I REFER to last Friday's report, '200 lose $6m in British land deals', which revealed that 200 persons have, at various times since 2006, purchased plots of land in rural places like Swindon and Gatwick in Britain through Land International (Far East), a Singapore company which is the subsidiary of parent Land International, shut down by the British government in 2008.
These 200 persons had been promised high returns with regular payouts for three years.
Singapore investors may wish to know that Britain's Land Registry published a guide in 2008 on 'land banking schemes' to alert the public on schemes often touted as offering huge returns on investment. Apparently, land sold in such schemes is usually in areas protected from development by planning law - that is, land in the 'green belt' or agricultural land where no development is ever likely to be permitted.
According to the guide, known in short as Public21, such land is first acquired at a low price and divided into smaller plots. The plots are then offered for sale (even online) to the public on the premise that when planning permission is secured in the future for the site for housing, the plots will be more valuable. Potential investors may be misled about the prospects of obtaining planning permission or redevelopment and this in turn may lead them into thinking that they will have the opportunity to sell the plots at even greater profit to developers in the future.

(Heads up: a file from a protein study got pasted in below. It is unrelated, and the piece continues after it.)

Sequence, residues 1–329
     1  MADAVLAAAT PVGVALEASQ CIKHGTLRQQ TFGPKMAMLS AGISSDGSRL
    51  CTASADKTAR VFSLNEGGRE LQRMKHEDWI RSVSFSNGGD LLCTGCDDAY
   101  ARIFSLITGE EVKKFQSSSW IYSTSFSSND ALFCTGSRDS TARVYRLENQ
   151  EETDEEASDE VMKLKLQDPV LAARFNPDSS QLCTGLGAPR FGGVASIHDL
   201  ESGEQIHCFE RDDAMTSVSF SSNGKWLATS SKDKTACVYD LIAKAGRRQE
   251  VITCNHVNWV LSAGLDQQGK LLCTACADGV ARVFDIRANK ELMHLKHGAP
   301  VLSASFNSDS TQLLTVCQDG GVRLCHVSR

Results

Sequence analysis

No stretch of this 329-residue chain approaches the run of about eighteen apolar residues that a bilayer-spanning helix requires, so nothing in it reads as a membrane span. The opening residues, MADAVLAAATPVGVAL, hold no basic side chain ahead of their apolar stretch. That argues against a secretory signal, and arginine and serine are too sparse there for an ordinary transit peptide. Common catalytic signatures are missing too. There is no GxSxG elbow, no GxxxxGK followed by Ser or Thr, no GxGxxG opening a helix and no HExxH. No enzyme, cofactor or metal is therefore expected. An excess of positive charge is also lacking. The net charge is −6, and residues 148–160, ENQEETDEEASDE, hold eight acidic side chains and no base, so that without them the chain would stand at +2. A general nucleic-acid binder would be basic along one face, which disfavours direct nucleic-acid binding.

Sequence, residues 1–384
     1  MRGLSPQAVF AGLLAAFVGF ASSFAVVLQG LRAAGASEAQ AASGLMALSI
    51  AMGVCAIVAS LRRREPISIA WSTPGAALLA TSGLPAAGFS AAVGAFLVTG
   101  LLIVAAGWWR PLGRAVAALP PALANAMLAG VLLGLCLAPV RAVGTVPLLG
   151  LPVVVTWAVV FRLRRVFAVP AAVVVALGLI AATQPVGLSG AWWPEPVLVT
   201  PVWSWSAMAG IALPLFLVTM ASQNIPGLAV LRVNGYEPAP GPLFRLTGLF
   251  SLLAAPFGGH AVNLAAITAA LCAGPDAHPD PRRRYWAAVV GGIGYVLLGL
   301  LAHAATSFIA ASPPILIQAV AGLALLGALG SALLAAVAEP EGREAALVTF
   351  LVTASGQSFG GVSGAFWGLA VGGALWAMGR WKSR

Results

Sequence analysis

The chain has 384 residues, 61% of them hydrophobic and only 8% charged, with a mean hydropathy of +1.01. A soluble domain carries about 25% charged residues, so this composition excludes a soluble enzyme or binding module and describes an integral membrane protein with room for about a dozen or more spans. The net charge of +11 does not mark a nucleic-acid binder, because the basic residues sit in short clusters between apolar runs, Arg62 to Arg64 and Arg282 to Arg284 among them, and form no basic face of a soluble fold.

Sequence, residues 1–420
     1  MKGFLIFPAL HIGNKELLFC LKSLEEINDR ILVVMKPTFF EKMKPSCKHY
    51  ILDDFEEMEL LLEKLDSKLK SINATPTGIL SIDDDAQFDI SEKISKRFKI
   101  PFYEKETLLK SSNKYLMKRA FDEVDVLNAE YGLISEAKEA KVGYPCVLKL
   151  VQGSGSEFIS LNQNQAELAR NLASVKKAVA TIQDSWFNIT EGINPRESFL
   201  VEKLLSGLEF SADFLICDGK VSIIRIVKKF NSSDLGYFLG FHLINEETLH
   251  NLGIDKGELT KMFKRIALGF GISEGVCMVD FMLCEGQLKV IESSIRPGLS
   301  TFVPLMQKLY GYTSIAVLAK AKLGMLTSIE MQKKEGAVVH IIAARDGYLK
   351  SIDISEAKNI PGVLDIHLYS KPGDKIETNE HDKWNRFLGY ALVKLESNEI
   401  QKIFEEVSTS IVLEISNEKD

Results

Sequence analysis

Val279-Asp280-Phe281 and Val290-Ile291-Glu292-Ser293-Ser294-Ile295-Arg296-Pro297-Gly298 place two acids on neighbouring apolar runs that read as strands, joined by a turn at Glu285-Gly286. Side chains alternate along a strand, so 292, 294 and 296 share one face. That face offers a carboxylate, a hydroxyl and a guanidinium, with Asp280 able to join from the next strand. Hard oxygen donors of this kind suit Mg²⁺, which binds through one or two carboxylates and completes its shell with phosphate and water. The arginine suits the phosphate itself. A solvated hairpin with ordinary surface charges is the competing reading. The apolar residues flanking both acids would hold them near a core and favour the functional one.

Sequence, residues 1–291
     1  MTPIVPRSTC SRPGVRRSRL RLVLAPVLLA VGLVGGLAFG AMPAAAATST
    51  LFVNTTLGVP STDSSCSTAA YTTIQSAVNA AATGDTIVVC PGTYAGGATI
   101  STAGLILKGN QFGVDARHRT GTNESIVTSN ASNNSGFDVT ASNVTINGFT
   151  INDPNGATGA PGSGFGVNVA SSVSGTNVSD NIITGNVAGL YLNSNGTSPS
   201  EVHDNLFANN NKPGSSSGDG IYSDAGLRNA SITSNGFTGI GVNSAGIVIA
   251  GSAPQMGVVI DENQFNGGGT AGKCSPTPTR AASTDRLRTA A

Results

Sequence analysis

The guide mentions that those operating land banking schemes often claim that they have well-known banks, other lending institutions and established developers as their partners in the schemes when this may not be the case. In some extreme cases, forged Land Registry letters have been produced to suggest that there is official Land Registry planning approval.
Singapore investors keen on land in Britain should at least peruse such a guide, and make inquiries with the Land Registry or a credible international property firm based in Singapore with overseas networks in those countries of interest to them. Singapore Accredited Estate Agencies agrees with the Consumers Association of Singapore that due diligence and background checks of both the locally registered land banking company and its parent or counterpart in the country of origin must be stringent before investors part with their monies.
Dr Tan Tee Khoon
Chief Executive Officer
Singapore Accredited Estate Agencies
Source: Straits Times, 17 May 2010
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